• Cardiac vagal tone;
  • Parasympathetic cardiac control;
  • Respiratory sinus arrhythmia;
  • Respiration;
  • Autonomic control of heart rate;
  • Pharmacological blockade;
  • Atropine;
  • Propranolol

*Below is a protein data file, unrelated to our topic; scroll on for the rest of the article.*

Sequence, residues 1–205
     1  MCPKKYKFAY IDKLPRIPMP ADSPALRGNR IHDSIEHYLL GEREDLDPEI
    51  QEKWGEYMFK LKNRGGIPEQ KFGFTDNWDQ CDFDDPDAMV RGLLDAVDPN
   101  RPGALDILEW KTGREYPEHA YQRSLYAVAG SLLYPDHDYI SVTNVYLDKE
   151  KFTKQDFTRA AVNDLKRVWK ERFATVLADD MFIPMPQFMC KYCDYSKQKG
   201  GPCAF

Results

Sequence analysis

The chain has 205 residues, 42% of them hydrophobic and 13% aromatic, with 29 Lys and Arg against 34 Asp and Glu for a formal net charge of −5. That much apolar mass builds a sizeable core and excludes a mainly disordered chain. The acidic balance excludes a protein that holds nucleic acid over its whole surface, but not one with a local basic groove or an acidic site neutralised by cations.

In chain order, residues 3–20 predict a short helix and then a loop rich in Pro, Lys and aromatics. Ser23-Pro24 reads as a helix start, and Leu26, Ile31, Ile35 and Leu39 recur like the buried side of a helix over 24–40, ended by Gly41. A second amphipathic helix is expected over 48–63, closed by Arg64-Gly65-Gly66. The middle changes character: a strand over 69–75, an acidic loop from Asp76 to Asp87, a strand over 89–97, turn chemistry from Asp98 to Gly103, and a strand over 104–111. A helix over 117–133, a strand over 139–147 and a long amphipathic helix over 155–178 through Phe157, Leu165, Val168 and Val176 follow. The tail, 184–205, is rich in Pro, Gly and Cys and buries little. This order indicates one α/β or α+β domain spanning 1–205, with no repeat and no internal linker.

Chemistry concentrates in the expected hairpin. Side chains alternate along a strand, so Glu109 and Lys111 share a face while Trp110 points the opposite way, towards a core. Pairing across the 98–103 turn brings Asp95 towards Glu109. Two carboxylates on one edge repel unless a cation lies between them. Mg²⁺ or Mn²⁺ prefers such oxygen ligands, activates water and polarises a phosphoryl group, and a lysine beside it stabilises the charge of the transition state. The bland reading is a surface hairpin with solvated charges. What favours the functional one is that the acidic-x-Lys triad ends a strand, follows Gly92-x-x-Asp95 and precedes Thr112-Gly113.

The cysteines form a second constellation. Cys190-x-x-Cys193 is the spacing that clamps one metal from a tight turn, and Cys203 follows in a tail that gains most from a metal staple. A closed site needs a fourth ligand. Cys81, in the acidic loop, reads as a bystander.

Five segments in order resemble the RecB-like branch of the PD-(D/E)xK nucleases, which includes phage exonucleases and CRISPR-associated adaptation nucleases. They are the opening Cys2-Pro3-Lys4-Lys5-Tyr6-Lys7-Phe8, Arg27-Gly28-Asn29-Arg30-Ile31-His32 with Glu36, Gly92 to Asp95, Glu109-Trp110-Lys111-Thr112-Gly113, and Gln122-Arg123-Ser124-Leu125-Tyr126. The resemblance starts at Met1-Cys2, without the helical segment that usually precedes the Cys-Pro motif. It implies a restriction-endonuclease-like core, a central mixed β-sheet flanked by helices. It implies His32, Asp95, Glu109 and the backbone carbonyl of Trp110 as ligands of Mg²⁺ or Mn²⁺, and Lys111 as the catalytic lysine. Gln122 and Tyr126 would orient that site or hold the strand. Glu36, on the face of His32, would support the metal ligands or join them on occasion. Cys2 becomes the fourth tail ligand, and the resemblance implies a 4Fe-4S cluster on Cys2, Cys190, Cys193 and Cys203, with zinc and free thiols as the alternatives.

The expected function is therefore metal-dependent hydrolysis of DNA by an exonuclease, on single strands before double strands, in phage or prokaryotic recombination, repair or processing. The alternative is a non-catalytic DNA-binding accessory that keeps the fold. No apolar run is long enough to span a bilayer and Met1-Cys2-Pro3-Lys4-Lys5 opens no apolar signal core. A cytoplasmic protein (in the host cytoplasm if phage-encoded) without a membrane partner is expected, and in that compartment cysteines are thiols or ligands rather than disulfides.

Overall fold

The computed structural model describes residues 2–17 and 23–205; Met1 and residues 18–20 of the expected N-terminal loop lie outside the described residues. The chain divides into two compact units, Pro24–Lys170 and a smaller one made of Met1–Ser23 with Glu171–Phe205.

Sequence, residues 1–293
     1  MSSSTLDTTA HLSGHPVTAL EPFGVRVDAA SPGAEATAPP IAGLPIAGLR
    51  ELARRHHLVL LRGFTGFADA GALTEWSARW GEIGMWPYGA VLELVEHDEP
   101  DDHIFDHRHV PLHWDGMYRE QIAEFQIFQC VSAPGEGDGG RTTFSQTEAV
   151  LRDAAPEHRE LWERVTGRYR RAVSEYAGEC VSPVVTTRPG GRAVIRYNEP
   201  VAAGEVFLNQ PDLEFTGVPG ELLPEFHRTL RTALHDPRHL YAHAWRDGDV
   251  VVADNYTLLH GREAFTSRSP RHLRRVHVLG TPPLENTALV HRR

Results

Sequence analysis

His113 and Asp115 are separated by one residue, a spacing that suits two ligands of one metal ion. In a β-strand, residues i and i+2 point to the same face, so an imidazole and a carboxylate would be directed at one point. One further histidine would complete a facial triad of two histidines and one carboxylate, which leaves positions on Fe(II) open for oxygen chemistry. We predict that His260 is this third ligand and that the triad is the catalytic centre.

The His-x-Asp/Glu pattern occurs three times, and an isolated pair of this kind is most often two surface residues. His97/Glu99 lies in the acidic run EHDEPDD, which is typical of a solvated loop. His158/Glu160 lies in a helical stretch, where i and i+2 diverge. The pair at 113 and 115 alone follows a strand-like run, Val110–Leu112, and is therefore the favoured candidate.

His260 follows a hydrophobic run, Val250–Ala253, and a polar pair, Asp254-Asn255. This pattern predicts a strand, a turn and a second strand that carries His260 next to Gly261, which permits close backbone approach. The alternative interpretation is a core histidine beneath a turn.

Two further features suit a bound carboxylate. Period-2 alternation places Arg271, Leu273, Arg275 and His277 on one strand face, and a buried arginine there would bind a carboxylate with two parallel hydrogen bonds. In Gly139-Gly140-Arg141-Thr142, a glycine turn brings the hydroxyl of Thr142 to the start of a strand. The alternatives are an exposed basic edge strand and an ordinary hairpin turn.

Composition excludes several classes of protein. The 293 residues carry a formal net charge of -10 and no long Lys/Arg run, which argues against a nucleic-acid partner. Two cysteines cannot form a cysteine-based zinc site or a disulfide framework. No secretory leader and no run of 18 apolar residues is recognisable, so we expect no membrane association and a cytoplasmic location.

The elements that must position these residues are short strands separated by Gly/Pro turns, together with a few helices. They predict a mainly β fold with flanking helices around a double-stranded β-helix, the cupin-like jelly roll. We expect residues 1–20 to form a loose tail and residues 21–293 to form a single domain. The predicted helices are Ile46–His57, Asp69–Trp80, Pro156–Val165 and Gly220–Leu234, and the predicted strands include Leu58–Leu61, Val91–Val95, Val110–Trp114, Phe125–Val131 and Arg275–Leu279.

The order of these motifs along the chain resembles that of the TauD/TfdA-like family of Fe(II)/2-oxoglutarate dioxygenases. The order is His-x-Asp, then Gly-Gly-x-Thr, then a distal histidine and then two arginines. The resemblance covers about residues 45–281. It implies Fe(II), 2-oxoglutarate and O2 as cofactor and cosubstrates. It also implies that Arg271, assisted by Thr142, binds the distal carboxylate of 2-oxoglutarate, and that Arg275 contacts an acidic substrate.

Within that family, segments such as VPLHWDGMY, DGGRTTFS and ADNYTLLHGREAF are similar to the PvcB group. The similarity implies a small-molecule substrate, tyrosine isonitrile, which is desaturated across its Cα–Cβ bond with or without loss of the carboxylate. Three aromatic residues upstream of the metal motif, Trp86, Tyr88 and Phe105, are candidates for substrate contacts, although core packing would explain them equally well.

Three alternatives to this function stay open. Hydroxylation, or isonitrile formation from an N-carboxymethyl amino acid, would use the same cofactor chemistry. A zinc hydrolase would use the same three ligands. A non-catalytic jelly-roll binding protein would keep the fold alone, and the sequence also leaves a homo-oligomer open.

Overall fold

Respiratory sinus arrhythmia (RSA) is frequently employed as an intra- and interindividual index of cardiac parasympathetic tone, although the relationship of RSA to interindividual differences in cardiac vagal tone remains questionable. Our study examined between- and within-subject relations among RSA, cardiac vagal tone, and respiratory parameters. Twenty-nine young adults performed two sessions of tasks under no medication and single and double autonomic blockade (intravenously administered propranolol and atropine). Parasympathetic tone was determined from heart period responses to complete vagal blockade. Results indicated the following. Resting RSA does not accurately predict individual differences in cardiac vagal tone. However, RSA and heart period together do predict such individual differences reasonably well. The relationship between individual variations in RSA and vagal tone is not improved by controlling respiratory parameters. Substantial cardiac vagal activity occurs during inspiration, and intraindividual variations in respiratory measures confound the association between RSA and cardiac vagal tone.